It’s been a whirlwind of a journey so far! When I signed up to participate in L’École d’été de français, a five week intensive French immersion program at the University of Sherbrooke, my greatest ambition was to improve my French language skills, but I quickly realized that this was only one part of a greater experience. From nightly activities to weekend getaways, there is never a dull moment here.
The program’s most important rule is to communicate in French at all times or risk being expelled. Undoubtedly challenging, but surprisingly fun, this requirement immediately creates common ground between me and my fellow students. Our competencies range from beginner to advanced, and many of us struggle to communicate with each other, often resorting to miming or adding a French accent to an English word. We witness each other persevere and improve everyday – there’s truly nothing quite like it.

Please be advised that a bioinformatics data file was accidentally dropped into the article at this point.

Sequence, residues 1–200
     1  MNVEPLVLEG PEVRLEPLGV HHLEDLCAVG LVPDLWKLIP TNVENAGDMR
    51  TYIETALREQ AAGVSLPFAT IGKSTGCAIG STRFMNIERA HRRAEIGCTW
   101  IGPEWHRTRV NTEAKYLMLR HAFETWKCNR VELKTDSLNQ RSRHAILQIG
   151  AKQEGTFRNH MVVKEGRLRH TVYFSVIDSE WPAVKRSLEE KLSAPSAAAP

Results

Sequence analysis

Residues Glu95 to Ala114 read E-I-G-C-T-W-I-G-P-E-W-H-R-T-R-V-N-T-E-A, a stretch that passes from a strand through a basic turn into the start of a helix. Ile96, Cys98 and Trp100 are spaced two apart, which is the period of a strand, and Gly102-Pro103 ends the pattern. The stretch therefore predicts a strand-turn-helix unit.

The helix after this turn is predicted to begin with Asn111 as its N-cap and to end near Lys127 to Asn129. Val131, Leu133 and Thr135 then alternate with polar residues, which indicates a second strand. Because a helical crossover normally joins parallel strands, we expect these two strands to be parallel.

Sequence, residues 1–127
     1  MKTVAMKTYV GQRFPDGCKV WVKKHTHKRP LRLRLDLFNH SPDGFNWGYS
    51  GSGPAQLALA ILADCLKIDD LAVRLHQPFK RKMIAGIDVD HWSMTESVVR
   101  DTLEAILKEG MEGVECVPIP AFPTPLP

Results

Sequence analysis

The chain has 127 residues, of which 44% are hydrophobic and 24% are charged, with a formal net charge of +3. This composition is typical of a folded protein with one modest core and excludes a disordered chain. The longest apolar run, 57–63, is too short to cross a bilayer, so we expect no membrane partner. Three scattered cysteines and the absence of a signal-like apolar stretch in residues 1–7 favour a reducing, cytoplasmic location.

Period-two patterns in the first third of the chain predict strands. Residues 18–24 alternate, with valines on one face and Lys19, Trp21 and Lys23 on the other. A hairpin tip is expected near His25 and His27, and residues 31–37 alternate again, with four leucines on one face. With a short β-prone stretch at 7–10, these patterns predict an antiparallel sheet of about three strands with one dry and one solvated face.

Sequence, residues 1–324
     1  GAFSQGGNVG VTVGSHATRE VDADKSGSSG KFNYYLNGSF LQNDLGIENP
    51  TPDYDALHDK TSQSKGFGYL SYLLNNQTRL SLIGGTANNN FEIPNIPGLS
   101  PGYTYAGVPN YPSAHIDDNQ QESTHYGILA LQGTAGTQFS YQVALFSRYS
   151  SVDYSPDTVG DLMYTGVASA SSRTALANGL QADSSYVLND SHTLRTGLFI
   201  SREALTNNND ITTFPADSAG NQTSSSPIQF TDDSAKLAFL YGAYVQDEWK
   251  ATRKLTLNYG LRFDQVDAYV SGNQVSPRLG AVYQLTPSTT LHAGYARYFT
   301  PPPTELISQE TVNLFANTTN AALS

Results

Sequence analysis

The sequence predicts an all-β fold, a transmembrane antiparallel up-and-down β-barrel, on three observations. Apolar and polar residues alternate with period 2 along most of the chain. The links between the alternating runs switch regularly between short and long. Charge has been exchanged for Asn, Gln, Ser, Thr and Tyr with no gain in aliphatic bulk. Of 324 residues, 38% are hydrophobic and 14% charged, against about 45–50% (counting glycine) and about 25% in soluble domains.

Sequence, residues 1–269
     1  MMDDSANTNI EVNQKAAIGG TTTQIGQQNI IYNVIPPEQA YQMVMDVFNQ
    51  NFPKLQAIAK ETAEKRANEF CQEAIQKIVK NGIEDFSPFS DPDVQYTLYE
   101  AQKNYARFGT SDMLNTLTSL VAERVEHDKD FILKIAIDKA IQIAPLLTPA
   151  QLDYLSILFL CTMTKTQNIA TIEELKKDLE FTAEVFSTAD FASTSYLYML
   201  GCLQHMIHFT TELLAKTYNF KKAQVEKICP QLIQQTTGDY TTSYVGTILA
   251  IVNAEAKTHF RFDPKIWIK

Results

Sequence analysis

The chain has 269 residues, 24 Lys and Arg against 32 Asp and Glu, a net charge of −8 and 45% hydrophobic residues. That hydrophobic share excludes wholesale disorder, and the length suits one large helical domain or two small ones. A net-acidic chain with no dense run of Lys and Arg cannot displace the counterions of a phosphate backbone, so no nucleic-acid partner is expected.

My French class recently visited downtown Sherbrooke. The city has an eclectic vibe, with large murals and street-lined cafés. During our afternoon there, we indulged in cappuccino-flavoured ice cream by Lac des Nations and sipped white wine at Siboire, a microbrewery located in the town’s old train station. We also visited Uplands Cultural and Heritage Centre, located in the borough of Lennoxville. Housed in a Georgian-style heritage home that was built in 1862, the centre exhibits a mixture of historic and contemporary artworks and offers tea time in the picturesque garden. Although I spoke French during my visit, the experience felt very English, and the house’s history is a testament to the mixture of French and English heritage present in the area.
I also had the chance to take a day trip to Montreal, which is undoubtedly more cosmopolitan than Sherbrooke. Upon arrival, my first mission was to find poutine because that’s just what you do when you’re a tourist in Montreal. I went on to spend the afternoon ambling about Old Montreal, where I watched animated street performers, admired the Parisian-esque architecture and climbed up the Montreal clock tower located at the Old Port of Montreal, which boasts tremendous views if you can stomach ascending a narrow spiral staircase to the summit. In the evening, I attended Les FrancoFolies de Montreal, an annual program that offers free concerts performed by French-Canadian musicians. Listening to the calming folk-jazz tunes under a starlit night was the perfect way to end my day in Montreal.